I don’t wear ties. It’s not so much a rule as it is a preferred statement – learned over being in the interactive industry for more than ten years. Instead, I often wear button down shirts, which leads me to the most serious of all wardrobe questions that men around the world deal with on a nearly daily basis … how many buttons do you leave unbuttoned? Do you just unbutton the top one, resulting in a somewhat dorky (but common) look — or do you unbutton the top two buttons leaving a perhaps unacceptable amount of the chest exposed and bordering (in some office settings) on the unprofessional. Let’s not even add the undershirt/no undershirt debate to this, or I would have to turn this post into a book project. What if there was a "midbutton" … a button between the first and second button that was in between these two options? Chances are, a shirt brand that quietly offered this would rise to the top as a favourite shirt for guys. As you might have guessed, this post is not about midbuttons – but the idea does bring up an interesting point.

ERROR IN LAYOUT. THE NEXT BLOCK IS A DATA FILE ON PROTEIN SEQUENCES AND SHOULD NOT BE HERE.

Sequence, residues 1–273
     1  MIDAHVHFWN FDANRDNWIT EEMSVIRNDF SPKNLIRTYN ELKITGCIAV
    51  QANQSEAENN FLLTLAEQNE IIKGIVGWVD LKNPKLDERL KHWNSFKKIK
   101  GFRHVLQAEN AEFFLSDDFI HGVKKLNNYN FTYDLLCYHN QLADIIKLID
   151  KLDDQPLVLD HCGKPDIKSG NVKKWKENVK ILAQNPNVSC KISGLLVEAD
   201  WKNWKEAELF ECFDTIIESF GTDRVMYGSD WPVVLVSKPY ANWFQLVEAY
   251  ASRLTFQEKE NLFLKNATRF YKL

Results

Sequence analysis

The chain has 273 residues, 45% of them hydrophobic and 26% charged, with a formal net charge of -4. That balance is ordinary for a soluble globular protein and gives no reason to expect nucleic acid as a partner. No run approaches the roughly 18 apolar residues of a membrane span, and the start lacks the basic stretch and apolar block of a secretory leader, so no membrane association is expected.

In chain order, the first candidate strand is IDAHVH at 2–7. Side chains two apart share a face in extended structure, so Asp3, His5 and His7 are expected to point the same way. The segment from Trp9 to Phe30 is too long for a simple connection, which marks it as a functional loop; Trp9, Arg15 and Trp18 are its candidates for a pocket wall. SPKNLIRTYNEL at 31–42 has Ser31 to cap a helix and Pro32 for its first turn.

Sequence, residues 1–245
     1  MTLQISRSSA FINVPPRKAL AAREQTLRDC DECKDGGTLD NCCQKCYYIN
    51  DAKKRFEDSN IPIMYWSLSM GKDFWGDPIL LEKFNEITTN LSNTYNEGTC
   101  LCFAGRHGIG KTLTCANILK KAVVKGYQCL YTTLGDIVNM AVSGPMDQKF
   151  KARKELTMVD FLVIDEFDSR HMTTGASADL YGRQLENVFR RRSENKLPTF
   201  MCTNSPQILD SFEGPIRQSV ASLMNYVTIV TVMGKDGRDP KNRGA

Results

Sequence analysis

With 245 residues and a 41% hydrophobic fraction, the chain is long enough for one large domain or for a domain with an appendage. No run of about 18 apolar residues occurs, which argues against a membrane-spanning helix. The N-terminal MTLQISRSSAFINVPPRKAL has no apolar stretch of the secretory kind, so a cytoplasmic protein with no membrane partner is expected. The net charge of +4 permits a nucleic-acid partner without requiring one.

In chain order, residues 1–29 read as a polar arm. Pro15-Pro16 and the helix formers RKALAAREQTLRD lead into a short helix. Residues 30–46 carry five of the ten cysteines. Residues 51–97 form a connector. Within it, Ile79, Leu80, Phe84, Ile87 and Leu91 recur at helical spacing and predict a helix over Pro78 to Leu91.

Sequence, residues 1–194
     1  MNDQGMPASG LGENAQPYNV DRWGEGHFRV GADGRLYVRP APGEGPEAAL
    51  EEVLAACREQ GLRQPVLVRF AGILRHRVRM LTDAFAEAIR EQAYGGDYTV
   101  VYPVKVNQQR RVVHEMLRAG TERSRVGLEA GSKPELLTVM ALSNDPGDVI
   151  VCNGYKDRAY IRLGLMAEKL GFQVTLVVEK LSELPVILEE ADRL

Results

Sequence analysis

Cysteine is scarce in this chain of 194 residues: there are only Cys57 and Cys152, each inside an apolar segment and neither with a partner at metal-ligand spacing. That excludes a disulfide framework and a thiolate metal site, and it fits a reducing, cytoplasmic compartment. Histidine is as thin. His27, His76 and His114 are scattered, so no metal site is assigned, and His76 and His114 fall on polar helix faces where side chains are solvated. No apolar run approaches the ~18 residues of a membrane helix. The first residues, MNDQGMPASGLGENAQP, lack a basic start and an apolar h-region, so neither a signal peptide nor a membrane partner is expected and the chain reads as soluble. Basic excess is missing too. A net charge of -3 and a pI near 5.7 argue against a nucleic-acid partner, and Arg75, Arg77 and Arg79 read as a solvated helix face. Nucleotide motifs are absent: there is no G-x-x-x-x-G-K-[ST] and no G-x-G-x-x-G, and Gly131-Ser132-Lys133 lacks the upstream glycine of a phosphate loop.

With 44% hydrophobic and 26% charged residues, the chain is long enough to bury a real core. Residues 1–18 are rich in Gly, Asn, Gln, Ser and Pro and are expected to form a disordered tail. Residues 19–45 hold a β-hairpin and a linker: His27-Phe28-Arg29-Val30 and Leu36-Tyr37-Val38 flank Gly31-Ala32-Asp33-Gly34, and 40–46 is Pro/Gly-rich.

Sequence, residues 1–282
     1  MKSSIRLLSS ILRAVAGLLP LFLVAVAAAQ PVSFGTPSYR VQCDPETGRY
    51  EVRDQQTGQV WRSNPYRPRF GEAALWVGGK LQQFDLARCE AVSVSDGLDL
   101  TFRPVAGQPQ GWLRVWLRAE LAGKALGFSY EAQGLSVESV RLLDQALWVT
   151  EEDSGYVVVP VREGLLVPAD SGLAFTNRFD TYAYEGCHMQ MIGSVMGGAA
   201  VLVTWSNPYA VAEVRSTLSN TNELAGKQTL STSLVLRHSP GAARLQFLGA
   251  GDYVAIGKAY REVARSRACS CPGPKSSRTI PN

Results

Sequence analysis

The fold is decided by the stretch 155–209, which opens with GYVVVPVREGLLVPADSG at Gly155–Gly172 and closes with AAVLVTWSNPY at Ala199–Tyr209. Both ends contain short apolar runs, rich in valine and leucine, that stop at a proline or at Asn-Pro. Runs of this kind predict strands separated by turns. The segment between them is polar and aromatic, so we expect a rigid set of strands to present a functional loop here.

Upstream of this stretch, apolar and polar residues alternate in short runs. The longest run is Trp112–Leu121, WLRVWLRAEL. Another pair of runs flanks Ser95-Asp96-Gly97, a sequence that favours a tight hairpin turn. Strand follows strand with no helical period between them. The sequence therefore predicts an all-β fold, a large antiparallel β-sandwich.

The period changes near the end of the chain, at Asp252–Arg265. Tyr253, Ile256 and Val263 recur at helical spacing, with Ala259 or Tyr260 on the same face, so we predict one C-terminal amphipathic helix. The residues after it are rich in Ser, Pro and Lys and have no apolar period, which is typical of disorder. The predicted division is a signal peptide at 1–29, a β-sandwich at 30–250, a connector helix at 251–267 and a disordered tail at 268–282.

There are a lot of books, seminars, classes and advice that you will get from people about coming up with the big idea. Big ideas transform businesses, and create new markets. They revolutionize the way you communicate with your customers and employees. Big ideas are based on insights. I believe in insights and I love big ideas. We need them and I would never tell you not to strive for that. But big ideas are not the only way to success. Sometimes small ideas, when stacked up on top of one another, can be much more effective. It’s difference between being the best at one thing or being really good at ten things. Most companies want to be the best at one thing – but they tend to hire people that are really good at many things. This is not about avoiding or not striving for big ideas. Those will always have an important place. Just don’t forget that finding a hundred midbutton sized ideas and putting them together may be a better idea in some situations. Sometimes the best innovation comes from thinking small.
Note: The photos above were purchased for use in this post from istockphoto.